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STATEWIDE — Indiana’s law banning gender-affirming care for people under 18 is now back in action.

The Seventh Circuit Court of Appeals ruled Tuesday to lift the injunction against the gender-affirming care ban, which was initially placed last summer.

The ban would prevent anyone under 18 in the state of Indiana from receiving things like puberty blockers, hormone therapy and surgery.

The ACLU of Indiana argued the ban, along with Indiana’s “human sexuality discussion” in classrooms ban and the requirement of teachers to tell parents when a student wants to change their pronouns, are an attack on LGTBQ Hoosiers.

The Seventh Circuit Court of Appeals heard oral arguments in this case on February 16th. An opinion will be published at a later time.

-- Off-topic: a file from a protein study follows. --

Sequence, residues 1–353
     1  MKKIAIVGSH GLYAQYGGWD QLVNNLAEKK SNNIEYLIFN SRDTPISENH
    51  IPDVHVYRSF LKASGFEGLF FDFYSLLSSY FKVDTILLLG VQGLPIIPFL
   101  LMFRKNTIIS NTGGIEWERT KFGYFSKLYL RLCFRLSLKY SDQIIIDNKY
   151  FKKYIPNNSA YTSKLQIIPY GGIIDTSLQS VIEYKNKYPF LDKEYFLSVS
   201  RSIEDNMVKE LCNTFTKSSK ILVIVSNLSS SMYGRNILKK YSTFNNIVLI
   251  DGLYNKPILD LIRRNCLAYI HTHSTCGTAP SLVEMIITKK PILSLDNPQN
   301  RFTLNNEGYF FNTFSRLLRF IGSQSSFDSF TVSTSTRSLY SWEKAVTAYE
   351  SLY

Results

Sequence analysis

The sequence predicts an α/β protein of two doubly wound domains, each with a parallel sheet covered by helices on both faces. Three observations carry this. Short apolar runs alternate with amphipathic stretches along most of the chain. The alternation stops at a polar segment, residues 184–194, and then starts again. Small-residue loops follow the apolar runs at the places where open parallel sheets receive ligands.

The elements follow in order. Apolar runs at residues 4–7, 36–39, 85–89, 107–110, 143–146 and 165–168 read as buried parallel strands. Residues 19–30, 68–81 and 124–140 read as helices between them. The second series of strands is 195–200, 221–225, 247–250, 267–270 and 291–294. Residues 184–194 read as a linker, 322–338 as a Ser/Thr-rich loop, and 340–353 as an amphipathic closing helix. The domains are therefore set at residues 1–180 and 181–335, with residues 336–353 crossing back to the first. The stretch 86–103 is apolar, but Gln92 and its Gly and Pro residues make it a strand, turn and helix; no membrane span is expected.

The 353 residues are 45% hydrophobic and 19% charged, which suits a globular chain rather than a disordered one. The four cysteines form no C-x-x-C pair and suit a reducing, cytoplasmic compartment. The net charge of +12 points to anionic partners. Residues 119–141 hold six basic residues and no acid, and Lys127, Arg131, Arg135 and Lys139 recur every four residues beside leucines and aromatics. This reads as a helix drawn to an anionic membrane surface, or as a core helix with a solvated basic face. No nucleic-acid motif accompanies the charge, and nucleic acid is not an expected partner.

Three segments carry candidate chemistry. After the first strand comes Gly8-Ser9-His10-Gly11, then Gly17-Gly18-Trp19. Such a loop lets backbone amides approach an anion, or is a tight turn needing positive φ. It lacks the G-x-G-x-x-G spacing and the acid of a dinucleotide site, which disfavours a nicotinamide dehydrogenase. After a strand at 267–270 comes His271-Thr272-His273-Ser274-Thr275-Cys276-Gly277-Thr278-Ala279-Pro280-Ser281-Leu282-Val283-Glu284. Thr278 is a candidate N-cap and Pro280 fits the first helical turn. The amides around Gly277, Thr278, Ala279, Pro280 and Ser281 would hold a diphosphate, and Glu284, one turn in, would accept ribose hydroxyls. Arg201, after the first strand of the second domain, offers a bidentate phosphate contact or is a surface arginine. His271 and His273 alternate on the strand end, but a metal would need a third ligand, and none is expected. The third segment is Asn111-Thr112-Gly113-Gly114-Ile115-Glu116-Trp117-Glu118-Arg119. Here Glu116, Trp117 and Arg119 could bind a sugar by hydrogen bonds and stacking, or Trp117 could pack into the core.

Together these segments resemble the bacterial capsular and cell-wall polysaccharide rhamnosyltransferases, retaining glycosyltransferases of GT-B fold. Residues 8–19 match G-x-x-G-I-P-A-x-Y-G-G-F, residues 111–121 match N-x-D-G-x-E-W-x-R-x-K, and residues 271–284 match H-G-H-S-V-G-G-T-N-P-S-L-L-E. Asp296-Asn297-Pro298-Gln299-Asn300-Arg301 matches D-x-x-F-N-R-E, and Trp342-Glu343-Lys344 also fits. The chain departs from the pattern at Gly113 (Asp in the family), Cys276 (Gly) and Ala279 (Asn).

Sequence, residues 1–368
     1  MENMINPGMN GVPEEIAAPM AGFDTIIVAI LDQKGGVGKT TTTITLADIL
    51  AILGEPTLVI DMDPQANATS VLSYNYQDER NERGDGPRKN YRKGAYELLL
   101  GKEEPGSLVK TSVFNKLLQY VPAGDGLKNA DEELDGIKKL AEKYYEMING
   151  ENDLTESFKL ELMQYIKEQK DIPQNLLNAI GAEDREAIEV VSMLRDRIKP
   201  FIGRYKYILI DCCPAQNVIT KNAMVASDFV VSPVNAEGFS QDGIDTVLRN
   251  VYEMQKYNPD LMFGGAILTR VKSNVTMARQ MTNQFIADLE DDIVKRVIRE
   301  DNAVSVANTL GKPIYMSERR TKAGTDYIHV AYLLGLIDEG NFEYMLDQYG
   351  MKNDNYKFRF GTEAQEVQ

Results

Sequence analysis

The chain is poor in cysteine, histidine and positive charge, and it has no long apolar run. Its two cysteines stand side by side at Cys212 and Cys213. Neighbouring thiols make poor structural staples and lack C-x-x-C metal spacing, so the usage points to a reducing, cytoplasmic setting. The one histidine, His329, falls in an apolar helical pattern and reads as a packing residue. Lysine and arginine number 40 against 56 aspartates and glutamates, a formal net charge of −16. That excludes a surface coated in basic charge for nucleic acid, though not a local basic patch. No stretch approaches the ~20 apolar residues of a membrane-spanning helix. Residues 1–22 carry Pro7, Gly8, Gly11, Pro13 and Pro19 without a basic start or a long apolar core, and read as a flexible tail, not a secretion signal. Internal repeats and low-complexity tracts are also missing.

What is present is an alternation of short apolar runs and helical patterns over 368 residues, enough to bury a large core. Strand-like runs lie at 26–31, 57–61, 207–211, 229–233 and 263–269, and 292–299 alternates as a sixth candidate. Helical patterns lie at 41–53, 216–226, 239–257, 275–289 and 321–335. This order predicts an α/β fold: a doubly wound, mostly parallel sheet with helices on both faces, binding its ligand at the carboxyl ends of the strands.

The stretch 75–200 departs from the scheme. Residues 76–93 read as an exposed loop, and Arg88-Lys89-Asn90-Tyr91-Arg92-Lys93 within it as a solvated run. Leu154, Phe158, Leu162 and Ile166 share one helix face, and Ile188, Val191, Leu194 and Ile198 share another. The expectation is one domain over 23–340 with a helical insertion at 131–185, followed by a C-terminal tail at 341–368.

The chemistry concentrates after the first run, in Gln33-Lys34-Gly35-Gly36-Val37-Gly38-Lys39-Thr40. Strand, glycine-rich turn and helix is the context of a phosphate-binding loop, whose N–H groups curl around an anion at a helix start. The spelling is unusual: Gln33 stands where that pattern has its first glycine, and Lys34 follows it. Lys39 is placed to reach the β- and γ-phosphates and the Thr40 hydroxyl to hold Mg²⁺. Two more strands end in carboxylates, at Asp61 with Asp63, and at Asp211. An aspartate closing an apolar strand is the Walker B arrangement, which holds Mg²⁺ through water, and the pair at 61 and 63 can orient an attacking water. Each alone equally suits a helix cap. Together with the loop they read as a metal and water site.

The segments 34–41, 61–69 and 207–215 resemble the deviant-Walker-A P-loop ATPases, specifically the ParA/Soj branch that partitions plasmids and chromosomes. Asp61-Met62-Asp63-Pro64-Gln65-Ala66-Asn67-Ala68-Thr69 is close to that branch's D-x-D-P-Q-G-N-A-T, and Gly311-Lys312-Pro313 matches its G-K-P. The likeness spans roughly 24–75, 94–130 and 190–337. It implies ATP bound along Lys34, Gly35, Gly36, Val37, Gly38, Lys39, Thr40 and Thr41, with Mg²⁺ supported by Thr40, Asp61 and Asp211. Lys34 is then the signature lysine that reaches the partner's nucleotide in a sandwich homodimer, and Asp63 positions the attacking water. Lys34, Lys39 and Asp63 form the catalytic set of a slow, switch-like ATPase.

A statement from Indiana Attorney General Todd Rokita: “Our commonsense state law, banning dangerous and irreversible gender-transition procedures for minors, is now enforceable following the Seventh Circuit Court of Appeal’s newest order. We are proud to win this fight against the radicals who continue pushing this horrific practice on our children for ideological and financial reasons.”